Hot Debate

Členové Ústředního výboru Komunistické strany Československa, (Národní archiv, 1968)/
Members of Central Comitee of Communist Party of Czechoslovakia, (National Archive, 1968)

Prague, 25 June 1968 – Note from the discussion at the 80th meeting of the Communist Party of Czechoslovakia’s Central Committee Board

Alois Indra: What we’ve convinced ourselves of pains me. Our standpoint has to be clear for any further advancement. We’re on very thin ice if we don’t let the Social Democrats set themselves up. They have a lot against us — they’ve been registering with the National Front, accepting the leading role of the Communist Party of Czechoslovakia, professing allegiance to the Soviet Union. It may look like the Ministry of the Interior’s problem, but it’s actually outside the law. It’s quite a violent conclusion; it has to come to a political decision. This is not an insignificant adversary that we have before us. We don’t take issue with the former Social Democrats, but instead with people who are just using the banner of Social Democracy.

I don’t think we should officially negotiate with them. We’ll convince them that we consider them to be partners. It’s about action that’s supposed to provoke us. I’m not sure that State Security didn’t take part in it, but I couldn’t say how it appears from this scope.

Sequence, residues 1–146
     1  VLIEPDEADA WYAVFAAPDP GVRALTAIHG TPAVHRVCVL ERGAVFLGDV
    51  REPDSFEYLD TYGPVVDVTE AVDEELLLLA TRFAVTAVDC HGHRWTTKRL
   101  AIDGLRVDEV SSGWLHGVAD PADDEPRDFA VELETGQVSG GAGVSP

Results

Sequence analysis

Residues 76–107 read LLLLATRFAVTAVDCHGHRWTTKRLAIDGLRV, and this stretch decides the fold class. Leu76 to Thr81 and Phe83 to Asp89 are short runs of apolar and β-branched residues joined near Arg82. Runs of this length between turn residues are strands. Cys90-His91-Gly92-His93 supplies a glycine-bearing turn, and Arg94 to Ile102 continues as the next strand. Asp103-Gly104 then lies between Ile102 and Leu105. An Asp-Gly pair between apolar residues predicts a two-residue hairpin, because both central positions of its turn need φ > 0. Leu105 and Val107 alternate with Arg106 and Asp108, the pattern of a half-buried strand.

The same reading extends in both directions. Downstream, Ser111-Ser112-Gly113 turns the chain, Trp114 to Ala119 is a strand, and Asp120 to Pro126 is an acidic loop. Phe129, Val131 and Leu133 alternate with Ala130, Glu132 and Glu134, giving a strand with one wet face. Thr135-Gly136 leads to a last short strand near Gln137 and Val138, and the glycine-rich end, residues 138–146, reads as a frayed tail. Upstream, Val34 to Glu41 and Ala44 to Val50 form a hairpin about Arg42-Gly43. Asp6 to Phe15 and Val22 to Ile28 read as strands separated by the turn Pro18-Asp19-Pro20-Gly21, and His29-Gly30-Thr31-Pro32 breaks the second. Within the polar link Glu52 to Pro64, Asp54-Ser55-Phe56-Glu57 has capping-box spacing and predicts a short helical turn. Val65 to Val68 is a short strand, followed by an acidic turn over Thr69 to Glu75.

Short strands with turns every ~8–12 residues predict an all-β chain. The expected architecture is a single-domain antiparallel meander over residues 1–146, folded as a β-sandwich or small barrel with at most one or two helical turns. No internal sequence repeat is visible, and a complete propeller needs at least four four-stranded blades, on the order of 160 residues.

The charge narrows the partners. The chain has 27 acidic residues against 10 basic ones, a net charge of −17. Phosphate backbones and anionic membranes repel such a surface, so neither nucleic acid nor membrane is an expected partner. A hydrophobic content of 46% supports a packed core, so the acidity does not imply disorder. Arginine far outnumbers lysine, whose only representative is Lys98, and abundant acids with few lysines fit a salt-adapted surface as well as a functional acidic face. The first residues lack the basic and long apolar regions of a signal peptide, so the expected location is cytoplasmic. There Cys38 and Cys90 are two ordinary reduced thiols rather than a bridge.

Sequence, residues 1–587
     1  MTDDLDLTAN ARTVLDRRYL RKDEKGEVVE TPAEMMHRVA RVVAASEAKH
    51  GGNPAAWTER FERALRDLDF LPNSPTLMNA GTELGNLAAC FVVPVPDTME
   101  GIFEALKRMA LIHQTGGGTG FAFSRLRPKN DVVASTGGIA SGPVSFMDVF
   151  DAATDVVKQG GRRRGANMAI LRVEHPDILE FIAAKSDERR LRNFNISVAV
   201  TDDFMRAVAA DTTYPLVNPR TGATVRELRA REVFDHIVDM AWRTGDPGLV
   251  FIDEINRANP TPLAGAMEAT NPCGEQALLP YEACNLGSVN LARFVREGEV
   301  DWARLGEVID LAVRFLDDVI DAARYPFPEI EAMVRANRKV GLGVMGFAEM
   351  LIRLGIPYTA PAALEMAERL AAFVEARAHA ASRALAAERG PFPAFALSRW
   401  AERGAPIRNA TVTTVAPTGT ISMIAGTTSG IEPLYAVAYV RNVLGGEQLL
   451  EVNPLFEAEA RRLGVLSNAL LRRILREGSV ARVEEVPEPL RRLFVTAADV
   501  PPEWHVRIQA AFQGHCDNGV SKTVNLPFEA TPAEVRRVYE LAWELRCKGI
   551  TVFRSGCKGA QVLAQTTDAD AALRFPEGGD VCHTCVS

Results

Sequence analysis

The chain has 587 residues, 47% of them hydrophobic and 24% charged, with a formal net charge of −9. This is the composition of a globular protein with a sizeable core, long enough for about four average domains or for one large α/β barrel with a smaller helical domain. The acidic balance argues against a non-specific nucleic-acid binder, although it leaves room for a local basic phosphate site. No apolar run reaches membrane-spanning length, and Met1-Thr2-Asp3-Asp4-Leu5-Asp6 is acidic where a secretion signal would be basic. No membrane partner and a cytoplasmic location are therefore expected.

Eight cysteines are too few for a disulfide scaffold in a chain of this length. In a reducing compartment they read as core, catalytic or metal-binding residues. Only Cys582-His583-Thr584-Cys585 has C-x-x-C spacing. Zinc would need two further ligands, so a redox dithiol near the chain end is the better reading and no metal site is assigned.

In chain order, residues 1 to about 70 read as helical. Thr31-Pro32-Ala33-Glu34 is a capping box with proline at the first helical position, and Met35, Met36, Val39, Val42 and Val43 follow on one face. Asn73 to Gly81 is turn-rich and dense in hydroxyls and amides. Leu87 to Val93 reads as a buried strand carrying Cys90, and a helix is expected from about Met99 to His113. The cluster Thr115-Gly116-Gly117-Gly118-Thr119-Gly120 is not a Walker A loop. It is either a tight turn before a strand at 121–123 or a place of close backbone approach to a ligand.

We do take issue with organized movements. Certain circles in the world are interested in keeping development here from succeeding. I’d like to get rid of this movement before it gets any bigger.


Prague, 4 July 1968 — Evžen Erban, Zdeněk Mlynář, and Bohumil Šimon from the Board of the Communist Party of Czechoslovakia’s Central Committee

A meeting took place about this situation … the main result of which is a semi-official agreement, stating that the Social Democratic Preparatory Committee must not appear in public or put together press campaigns, and must consult with Communist Party officials before every fundamental decision, and for times when the situation in the Communist Party is tense (namely, until the 14th Party Congress), not undertake further basic steps.

… It now seems that for the time being, there’s already been a definite reversal, and that the efforts to renew the Social Democratic Party and its acceptance in the public are beginning to weaken.


1968, 25. červen, Praha. – Poznámky z diskuse na 80. schůzi předsednictva ÚV KSČ o situaci mezi bývalými sociálními demokraty/ 1968, 25 June, Prague – Notes from the discussion at the 80th meeting of the Central Committee of the Communist Party of Czechoslovakia about the situation with the former Social Democrats.
VONDROVÁ, Jitka – NAVRÁTIL, Jaromír (vyd.): Komunistická strana Československa. Ediční řada Prameny k dějinám československé krize v letech 1967-1970, 9. díl, 2. svazek: Konsolidace (květen-srpen1968). Praha-Brno, ÚSD-Doplněk 2000, dok. č. 99, s. 149.
Available in Czech at:

1968, 4. červenec, Praha. – Evžen Erban, Zdeněk Mlynář a Bohumil Šimon předsednictvu ústředního výboru KSČ/ Prague, 4 July 1968 – Evžen Erban, Zdeněk Mlynář, and Bohumil Šimon from the Board of the Communist Party of Czechoslovakia’s Central Committee.